Differentiated Models are Eating the World

Scott Clark and Nick Payton

Software is still eating the world and modeling is eating software development. But the models that will eat the world aren’t embedded AI or basic models. They are the differentiated models we discussed in the first post of this series. In this first post, we divided the Enterprise AI market into three – embedded AI, basic models and differentiated models. Revisit that post to learn more about these definitions. In this post, we will explore why differentiated models – and the technology supporting their development – represent the biggest opportunity in Enterprise AI. 

Creation of Business Value

First, differentiated models will represent the lion’s share of value created by AI. Two Sigma, a SigOpt customer, has grown its assets under management from $8B to more than $50B due to the performance of their differentiated models. More famously, Google’s pagerank algorithm is a large part of why it is now valued over a trillion. These are the models that change companies and owning them can be a decisive advantage in a growing number of markets. As an example of this, a company that works with us publicly values their modeling ensemble at over $1 billion. A 5% improvement to the performance of this ensemble represents $50 million to them. 

Democratization of Resource Availability

Second, a growing number of companies have the resources to build world-class models, and you should expect this trend to accelerate. Building these models is largely contingent on availability of compute and talent. The combination of hardware innovation, elastic cloud services and distributed computing is facilitating unprecedented access to compute resources for training and tuning models. OpenAI estimates a 300,000x growth in compute required to train the most cutting edge model from 2012 to 2018, which suggests exponential growth in availability as well. At the same time, our own research shows that more than 200 companies have hired more than 10 data scientists, 150 companies have hired deep learning engineers, and over 100 have invested in building their own modeling platforms to boost team productivity. AI specialists are the fast growing job listing according to LinkedIn, and all of these are not just listings from Google, Facebook, Amazon and Microsoft.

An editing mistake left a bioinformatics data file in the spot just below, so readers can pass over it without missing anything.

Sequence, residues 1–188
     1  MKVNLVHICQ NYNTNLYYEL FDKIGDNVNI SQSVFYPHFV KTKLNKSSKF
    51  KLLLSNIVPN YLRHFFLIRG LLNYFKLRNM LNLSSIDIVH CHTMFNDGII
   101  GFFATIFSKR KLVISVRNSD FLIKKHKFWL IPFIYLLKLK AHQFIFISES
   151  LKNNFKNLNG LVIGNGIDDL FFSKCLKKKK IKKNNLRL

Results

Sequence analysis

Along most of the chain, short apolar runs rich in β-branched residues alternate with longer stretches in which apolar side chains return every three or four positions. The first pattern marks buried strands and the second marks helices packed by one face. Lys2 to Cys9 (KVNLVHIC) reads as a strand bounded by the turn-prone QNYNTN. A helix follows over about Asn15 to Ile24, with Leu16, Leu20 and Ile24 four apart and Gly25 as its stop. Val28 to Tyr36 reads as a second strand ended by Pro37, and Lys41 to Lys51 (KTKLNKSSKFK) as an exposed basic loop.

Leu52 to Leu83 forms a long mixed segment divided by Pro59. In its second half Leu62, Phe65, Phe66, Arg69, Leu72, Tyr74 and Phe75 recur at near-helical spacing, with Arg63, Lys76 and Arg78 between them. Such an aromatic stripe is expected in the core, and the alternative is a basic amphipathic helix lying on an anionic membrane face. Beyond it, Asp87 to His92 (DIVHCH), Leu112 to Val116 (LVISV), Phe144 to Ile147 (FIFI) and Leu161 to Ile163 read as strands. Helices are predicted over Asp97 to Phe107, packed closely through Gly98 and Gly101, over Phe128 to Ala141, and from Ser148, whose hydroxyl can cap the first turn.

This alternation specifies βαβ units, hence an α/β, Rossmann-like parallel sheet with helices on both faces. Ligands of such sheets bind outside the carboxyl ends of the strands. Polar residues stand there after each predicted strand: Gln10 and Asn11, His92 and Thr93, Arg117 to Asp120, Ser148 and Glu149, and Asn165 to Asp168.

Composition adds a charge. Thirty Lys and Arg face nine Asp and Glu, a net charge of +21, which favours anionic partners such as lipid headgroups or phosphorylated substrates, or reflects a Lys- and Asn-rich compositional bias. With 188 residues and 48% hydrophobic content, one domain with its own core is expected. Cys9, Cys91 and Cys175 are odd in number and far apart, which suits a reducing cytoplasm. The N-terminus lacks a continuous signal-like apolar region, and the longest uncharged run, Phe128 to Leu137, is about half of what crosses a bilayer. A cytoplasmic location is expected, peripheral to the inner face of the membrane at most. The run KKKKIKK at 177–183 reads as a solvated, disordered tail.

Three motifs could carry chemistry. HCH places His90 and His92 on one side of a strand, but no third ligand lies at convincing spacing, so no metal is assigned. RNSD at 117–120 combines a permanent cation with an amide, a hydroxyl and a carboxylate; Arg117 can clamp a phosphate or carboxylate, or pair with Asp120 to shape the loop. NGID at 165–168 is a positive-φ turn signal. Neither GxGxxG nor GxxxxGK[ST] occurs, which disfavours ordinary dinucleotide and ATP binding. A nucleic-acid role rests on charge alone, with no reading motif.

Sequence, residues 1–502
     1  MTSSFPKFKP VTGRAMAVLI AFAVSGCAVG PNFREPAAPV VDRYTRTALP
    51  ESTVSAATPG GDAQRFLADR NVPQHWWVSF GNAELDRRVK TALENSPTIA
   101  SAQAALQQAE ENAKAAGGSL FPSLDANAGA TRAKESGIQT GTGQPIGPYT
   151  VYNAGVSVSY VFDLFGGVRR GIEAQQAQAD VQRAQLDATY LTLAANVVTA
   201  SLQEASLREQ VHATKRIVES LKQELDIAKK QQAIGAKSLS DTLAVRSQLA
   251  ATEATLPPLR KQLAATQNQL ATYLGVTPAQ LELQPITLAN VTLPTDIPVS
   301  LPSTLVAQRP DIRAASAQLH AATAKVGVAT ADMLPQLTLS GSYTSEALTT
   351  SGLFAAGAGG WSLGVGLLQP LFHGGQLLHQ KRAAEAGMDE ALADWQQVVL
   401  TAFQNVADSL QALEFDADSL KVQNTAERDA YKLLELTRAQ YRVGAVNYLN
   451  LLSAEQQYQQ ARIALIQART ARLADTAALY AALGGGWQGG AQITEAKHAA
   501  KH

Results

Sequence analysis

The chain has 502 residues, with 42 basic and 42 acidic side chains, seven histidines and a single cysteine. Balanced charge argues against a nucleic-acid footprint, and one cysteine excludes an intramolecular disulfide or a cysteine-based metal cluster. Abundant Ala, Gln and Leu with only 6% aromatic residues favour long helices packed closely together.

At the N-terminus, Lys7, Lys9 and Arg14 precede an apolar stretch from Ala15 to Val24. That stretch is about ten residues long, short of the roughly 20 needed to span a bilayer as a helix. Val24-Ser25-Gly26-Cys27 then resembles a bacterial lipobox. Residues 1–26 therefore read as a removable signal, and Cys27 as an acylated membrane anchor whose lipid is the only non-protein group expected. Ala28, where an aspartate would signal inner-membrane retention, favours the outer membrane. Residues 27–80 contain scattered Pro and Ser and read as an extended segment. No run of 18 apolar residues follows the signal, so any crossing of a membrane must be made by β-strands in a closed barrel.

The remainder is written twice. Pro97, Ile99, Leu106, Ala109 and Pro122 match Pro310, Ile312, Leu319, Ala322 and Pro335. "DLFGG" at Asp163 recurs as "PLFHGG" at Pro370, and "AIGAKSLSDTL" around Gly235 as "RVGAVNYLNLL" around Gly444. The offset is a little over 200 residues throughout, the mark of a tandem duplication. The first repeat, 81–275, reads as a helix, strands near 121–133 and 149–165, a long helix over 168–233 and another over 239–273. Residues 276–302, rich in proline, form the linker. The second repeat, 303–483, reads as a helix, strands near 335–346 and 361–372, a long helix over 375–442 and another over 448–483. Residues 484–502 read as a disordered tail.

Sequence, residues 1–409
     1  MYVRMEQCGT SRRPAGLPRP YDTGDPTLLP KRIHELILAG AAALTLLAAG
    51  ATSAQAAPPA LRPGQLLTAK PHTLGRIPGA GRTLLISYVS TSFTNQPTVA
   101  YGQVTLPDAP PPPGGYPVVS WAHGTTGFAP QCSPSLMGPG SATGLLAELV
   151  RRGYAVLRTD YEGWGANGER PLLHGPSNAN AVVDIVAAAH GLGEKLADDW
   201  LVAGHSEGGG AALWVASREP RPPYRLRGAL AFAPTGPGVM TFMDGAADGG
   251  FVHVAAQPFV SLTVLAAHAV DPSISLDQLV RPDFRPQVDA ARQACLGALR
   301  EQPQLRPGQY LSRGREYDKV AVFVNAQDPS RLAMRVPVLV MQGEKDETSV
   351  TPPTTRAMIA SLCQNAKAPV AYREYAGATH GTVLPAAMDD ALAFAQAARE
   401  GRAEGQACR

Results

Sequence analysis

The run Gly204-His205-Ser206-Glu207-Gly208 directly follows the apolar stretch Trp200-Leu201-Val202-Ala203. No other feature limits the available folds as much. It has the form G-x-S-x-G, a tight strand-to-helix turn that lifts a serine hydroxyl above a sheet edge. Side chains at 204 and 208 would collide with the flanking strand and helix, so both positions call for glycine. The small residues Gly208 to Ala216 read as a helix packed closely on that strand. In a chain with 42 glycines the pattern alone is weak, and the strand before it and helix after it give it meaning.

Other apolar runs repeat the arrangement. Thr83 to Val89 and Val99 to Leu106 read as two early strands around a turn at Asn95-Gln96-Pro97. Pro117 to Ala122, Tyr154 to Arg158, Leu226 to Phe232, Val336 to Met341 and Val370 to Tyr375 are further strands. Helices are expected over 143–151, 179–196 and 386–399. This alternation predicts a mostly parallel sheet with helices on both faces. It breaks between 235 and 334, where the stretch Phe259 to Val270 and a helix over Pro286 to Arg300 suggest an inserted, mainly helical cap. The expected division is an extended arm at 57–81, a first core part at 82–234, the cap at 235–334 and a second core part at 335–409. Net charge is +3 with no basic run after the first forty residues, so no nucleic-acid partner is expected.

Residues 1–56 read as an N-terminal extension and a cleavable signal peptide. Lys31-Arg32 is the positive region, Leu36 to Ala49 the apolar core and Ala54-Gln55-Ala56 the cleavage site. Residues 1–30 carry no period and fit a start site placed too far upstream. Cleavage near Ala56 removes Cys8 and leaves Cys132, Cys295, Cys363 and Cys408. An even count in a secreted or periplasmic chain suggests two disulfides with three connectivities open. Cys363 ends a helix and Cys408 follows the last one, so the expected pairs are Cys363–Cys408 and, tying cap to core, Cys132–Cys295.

All Modeling is Differentiated Modeling

Finally, companies that create embedded AI applications or AutoML supporting basic models must build their own differentiated models. As they invest in their own modeling teams and these teams grow larger, they will need the same modeling stack that any enterprise needs for their own modeling teams. Rather than dogfood their own product (in the case of AutoML) or pull a pre-trained algorithm from DeepMind off the shelf (in the case of embedded AI), my bet is that the successful companies in these categories will build their own differentiated models. Even if the adoption rate assumed in my second point is lower than expected because of embedded AI and basic modeling technology providers, this should still create more opportunity for differentiated modeling – just a different customer than anticipated. 

So if building differentiated models is going to be a big trend in Enterprise AI, then how do you go about doing it well? In the next post of this series, we explore the technology requirements for these teams and why they may look a bit different than traditional software requirements.

We’d love to hear how it stacks up to your experience. Email us at [email protected], try our product or sign up for blog updates.

Scott Clark, Ph. D.
Scott Clark Co-Founder & Chief Executive Officer
Nick Payton
Nick Payton Head of Marketing & Partnerships

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